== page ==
Gimme Pleasure

John Gruber made an interesting remark the other day:

“In hindsight, I think the use cases for the original iPad are simplicity and delight.”

This suggests that delight itself (the beautiful execution) is the feature, rather than merely a characteristic of a feature.  That is, I buy and use the iPad not to do things I couldn’t otherwise do, but for the pleasure involved in doing those things.

I find this point of view intriguing.  It gets at some of what I’ve had in mind for new Adobe mobile apps: that they should be about JOY, about pleasure–more like games, maybe, than very sober, precise desktop tools one associates with Adobe.

In a similar vein, Prerna Gupta, CEO of music startup Khush, writes that Not all Products Need To Be Painkillers:

It’s easy to say today that Twitter solves the problem of dispersed information, or Facebook the problem of dispersed friends. But who thought of these as “pain points” back in 2004? I don’t believe Twitter and Facebook are painkillers. Just ask yourself, Is “acetaminophen” really the drug you feel like you’re on when you’re using Twitter? Or does “methamphetamine” sound more appropriate? […]

If you focus only on painkillers, you’ll likely miss out on a completely different, and potentially much larger, set of opportunities: those that target pleasure. Pornography, sports and coffee are, for example, three insanely lucrative industries, and each of them sells the promise of pleasure.

Your desktop/laptop already offers pain & pain killers. So, in building new mobile apps, can we focus more on aphrodisiacs? What would you like to see?

11 thoughts on “Gimme Pleasure

  1. Yes, the iPad gives me great pleasure. I love the variety and surprise of having lots of task-specific apps. Perhaps you can take advantage of this by making not one big Photoshop-like app, but instead a whole series of image apps-one for fixing photos (that includes non-automatic features like curves), one for preparing images for various online services like Facebook in just a few clicks, one for designing logos, one for making cartoons, one that turns 2D into 3D, like Repoussee, etc.

  2. One thing I don’t like about the iPad and related products is that they try to fix my spelling. Please try to elminate that if any or your apps use the keyboard.

  3. It beats me why apple havnt already created an app for sorting images and adding metadata on the iPad.
    This just dosnt fit in as the first step in a photo workflow(as it needs to be currently)
    An app that takes low-mid res images of your librarys with you, so you can finetune and add more metadata keywords on the go would be awesome.
    If adobe created an app like this to work with images and combined it with both online sharing and backup solutions based on tags / keywords I would be likely to switch to lightroom.
    I get the fun part of ios apps but alot fun apps end up as one hit wonders

  4. how about
    an app which is about telling stories with photographs and video clips.
    showing your snaps to other people in an incredible way.
    for showing directly to people standing next to you on your ipad and for sharing over the web.
    think somewhere between the template systems in iMovie, the Indiana Jones travelling sequences, cartoon panels, The Wilderness Downtown video. maybe recordable voice-overs for web shared copies.
    and it has to be so well designed that it’s fast and fun (semi automatic) to make these things not a huge labour. make guesses from timestamps, GPS, faces&places (if from iPhoto) as to how images relate to each other to auto generate the narrative.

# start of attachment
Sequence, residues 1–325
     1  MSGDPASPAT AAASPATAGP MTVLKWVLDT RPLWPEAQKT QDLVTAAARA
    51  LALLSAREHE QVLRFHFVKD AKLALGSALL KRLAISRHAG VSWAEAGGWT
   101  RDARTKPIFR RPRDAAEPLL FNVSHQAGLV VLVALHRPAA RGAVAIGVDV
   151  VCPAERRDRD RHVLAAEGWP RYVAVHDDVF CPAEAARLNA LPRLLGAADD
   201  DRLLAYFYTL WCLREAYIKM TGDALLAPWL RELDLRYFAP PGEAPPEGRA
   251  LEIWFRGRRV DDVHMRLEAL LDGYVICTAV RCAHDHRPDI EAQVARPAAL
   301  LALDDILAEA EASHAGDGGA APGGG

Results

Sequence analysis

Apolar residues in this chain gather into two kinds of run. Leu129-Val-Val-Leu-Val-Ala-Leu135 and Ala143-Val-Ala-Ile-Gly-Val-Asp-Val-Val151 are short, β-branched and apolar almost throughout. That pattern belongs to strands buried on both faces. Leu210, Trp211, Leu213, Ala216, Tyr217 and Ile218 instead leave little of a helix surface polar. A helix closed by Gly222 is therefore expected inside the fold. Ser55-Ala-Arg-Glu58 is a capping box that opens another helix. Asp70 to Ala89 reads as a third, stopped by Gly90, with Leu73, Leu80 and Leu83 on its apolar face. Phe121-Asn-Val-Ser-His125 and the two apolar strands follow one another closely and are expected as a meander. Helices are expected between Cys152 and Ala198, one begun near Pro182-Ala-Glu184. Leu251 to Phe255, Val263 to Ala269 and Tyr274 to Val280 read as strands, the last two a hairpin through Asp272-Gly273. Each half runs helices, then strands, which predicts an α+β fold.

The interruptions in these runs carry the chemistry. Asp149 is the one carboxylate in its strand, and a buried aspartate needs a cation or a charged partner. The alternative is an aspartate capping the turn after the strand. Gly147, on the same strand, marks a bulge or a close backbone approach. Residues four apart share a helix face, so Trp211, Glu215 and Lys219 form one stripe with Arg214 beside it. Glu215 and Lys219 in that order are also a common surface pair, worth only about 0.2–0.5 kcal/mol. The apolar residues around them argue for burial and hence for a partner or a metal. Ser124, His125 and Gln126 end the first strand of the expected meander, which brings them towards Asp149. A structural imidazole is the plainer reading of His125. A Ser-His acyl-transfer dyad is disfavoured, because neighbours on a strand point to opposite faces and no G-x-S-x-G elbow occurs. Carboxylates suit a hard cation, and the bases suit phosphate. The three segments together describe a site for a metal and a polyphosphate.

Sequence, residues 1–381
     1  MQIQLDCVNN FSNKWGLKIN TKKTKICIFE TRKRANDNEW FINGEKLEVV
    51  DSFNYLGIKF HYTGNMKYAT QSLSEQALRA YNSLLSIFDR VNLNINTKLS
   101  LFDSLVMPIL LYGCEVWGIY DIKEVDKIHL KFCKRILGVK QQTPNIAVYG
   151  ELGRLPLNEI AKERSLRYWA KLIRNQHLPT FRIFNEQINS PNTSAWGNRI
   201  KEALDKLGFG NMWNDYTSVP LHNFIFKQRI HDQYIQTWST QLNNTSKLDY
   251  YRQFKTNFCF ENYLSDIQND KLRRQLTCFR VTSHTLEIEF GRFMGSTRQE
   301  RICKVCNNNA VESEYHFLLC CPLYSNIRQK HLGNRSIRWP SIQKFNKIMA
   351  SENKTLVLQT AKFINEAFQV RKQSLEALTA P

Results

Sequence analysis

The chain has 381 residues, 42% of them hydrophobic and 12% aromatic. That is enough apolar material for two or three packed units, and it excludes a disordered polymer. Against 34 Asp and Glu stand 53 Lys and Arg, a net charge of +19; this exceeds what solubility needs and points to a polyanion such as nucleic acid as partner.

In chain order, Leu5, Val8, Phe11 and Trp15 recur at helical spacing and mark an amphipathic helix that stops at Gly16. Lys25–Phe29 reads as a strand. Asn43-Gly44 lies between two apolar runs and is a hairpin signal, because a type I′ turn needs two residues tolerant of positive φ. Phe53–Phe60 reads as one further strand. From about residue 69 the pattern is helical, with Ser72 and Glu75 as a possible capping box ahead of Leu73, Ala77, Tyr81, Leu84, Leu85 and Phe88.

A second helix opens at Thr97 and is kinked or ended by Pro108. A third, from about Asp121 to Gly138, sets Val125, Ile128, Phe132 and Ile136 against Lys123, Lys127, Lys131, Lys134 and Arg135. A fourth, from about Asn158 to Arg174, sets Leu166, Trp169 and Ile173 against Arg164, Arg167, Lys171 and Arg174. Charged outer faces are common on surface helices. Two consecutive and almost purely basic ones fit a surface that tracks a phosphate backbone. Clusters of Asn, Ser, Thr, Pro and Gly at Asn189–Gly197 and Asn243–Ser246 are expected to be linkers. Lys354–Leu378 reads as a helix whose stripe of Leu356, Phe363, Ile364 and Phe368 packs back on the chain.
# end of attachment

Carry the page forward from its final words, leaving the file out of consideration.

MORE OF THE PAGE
we all have lots of pictures, no one prints them, sending everything to facebook is ok but there’s value to be had in a more personal communication.

  5. Sometimes I wonder if this joy is like an insiders joke. The long time computer users realize this is a looking glass illusion that finally works thus feel joy, while the 3-4 year olds just feel this is real thus less joy since they don’t perceive they have taken part in a magic act.

  6. This is why the iPhone was such a treat. Not only does it make tons of new apps available, but every single one of them is fun to use and most of them are far more intuitive to use. This makes the phone much more enjoyable as well as more useful.

  7. Does this finally admit that products such as the iPad are more like toys that tools?
    If we enjoy using a tool does it become a toy? if our toys accomplish work do they become tools?
    also, this would be the first time I’ve ever seen coffee and porn categorized together. and that makes me feel…. icky.

  8. One of the things I’ve liked about the evolution of PS over the last 5+ years is the internal separation into central engine(s) and plugins. If you were to remove ALL the plugins, you’d have just a shell with almost no functionality.
    So why not actually make this possible? Not just for mobile apps, but for desktop users as well. Provide a system for configuring your own packages of plugins into your own mini-PS apps. Let us remove, say, everything but masking facilities, and then bring those front and center. Or let’s make a PS that just does a particular subset of image manipulation functions. Or a dynamic load model, where none of the plugins are loaded at startup, and I can choose from one beautifully structured master menu of everything PS can do.
    I’m sure there are interdependencies among plugins, but perhaps those should be sorted out, too. Once this model is perfected, then a mobile user could pick a subset of actual PS plugins and export a mobile app of his own design.
    Hope I haven’t oversimplified anything….

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